The Good and the Bad of Swift Programming Language
With more than 1 billion devices in use as of January, 2016, iOS is the world’s second most popular mobile platform. In some regions, including the USA, the UK, and France, Apple devices continue to outperform Android in smartphone sales numbers. That is why so many businesses focus their software products primarily and sometimes solely on the iOS platform as a key investment opportunity and strategic benefit.
If you are one of those smart business owners following the iOS app development path, probably the most important decision you will make is choosing the right tech stack for your product. If you decide to go for native development instead cross-platform solutions, you still have to decide which language to use: the good old Objective-C or brand-new Swift.
Let’s take a closer look at the critical benefits and drawbacks that accompany Swift. What should you know about this language? Is it ready to be used in production? What are the risks involved in building a Swift app?
To prep for that pros-and-cons discussion, let’s do a quick background check on Apple’s new programming language and outline its current state.
What is Swift? A Brief History and Adoption Trends
First introduced at Apple’s 2014 Worldwide Developers Conference (WWDC), Swift programming language has generated considerable debate ever since. Chris Lattner, Apple’s Senior Director, Developer Tools Department, started designing the basic concepts of the new language back in 2010.
“Initially, it was really just me messing around and nobody knew about it because it wasn’t anything to know about. But eventually, it got a little bit more serious […] So I started talking to my management and some of the engineers that were working on Clang, and they seemed excited about it. We got a couple people working on it part-time and I convinced my manager that it was interesting enough that we could have a couple of people work on it.”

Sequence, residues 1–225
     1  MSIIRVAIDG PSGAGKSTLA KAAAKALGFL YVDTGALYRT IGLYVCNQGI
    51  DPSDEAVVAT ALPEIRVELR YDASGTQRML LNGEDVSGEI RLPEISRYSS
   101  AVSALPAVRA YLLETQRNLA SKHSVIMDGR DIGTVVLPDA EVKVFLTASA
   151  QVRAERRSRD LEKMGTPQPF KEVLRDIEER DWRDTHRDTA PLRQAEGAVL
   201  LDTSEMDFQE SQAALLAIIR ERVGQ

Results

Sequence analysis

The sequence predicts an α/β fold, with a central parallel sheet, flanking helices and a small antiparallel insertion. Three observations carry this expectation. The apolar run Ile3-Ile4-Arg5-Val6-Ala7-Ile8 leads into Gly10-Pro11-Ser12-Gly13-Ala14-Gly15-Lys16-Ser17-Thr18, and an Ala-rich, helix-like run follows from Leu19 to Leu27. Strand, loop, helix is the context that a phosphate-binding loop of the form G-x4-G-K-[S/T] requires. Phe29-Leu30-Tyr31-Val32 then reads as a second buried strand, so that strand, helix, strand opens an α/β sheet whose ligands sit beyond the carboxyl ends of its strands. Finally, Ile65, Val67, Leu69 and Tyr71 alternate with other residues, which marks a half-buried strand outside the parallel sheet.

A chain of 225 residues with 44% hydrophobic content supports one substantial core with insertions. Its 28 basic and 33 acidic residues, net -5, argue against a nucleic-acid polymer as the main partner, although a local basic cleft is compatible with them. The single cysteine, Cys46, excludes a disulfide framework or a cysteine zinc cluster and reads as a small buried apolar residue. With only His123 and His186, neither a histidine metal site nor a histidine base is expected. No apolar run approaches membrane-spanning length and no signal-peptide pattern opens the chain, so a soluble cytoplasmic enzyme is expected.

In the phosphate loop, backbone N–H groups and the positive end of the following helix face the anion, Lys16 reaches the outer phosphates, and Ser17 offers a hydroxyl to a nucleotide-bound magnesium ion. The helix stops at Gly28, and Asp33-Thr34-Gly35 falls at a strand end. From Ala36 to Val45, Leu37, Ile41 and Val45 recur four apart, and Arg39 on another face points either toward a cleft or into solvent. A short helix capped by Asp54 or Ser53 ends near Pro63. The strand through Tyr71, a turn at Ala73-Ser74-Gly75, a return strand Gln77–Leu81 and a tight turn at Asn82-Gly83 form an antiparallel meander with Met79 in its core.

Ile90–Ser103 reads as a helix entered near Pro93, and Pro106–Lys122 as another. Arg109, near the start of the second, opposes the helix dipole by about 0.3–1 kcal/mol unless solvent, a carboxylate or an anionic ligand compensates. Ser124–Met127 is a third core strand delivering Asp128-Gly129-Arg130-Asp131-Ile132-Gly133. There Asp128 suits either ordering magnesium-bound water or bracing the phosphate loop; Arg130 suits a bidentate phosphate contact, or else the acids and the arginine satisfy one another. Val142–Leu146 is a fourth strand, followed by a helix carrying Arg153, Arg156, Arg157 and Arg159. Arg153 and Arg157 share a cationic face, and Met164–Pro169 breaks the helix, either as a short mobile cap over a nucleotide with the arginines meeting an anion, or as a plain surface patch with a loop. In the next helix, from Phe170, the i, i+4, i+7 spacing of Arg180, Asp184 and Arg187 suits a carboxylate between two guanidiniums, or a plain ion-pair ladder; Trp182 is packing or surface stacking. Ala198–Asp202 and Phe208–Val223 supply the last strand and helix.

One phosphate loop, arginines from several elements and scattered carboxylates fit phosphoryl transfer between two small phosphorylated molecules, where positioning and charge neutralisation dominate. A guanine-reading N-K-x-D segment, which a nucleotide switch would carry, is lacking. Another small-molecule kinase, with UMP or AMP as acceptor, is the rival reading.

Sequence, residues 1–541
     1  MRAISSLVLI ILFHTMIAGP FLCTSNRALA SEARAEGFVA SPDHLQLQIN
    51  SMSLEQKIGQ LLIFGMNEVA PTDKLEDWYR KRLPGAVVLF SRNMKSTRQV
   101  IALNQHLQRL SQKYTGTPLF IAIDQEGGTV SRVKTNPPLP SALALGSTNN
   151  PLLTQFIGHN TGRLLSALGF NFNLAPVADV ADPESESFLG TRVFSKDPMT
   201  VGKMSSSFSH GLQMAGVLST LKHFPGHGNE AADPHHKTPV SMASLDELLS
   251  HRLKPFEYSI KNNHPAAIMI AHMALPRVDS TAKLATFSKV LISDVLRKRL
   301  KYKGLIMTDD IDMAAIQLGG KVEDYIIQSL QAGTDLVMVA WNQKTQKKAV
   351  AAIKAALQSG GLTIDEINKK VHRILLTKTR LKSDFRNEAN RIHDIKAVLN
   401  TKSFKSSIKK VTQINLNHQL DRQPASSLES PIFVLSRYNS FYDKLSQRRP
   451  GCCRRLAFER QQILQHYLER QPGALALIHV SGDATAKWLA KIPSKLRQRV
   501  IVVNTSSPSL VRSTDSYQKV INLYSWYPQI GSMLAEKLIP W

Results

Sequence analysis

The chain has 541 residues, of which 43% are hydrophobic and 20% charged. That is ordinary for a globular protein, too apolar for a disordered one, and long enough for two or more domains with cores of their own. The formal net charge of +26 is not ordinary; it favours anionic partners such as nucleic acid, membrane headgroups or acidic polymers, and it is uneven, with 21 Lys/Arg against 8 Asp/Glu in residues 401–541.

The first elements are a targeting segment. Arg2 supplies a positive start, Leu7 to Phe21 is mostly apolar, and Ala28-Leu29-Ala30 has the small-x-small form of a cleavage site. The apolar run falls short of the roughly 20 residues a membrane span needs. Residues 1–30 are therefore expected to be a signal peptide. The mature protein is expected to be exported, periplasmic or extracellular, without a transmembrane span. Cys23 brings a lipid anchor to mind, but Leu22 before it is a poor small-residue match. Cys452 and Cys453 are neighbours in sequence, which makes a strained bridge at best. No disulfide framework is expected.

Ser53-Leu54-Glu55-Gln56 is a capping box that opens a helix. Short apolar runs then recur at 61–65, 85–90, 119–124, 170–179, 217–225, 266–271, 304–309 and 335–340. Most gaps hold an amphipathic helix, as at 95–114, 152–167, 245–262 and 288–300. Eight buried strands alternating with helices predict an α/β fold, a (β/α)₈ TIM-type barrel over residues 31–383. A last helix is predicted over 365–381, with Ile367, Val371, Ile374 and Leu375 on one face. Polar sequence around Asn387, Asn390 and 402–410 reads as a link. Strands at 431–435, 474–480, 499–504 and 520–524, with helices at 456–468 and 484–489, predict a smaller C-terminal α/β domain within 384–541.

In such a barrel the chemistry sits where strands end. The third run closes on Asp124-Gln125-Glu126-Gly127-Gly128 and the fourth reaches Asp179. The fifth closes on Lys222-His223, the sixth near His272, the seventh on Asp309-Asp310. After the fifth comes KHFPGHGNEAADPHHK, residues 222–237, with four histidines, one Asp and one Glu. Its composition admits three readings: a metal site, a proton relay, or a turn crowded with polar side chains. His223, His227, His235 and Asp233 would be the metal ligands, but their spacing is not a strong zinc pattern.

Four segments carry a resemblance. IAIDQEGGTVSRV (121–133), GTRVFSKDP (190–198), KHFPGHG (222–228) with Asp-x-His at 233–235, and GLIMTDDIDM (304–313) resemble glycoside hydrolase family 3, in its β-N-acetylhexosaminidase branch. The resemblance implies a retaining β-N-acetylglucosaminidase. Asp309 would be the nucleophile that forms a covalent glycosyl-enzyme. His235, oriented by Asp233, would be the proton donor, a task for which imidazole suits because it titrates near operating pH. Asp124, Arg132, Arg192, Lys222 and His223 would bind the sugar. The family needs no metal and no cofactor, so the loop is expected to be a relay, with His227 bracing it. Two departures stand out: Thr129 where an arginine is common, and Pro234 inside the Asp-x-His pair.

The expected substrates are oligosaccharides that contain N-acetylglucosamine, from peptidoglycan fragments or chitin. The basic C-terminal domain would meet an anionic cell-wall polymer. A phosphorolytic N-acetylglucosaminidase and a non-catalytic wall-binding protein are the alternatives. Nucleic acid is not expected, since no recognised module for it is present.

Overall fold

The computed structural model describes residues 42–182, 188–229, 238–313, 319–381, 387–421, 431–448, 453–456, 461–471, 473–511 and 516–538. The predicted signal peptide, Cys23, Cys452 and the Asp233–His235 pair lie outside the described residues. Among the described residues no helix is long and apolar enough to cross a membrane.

– Chris Lattner for Accidental Tech Podcast, January, 2017
It wasn’t until 2013 that the team was able to solve a strategic question about how the new language would fit in with the existing Objective-C ecosystem. Forcing all iOS developers to move to a new language could have had a major disruptive effect on the community. So, the company decided to continue investing in Objective-C while also committing to the development of a new “safe programming language.”
One year later, the registered Apple developers were able to lay their hands on the beta version of the new language. In the first month post its release as a part of Xcode tools, it was downloaded over 11 million times, according to Tim Cook.
The initial reactions to Swift were mixed at best. Some developers were delighted with its features, flexibility, and simplicity, while others criticized it. Yet, most of them agreed that it was too early for Swift to be used in production. The language was evolving fast: major changes were introduced with every new release.
This, however, didn’t prevent Swift from becoming the “most loved” technology, according to the 2015 StackOverflow Developer Survey.
At the same time, the language was listed among top 10 “most wanted” technologies.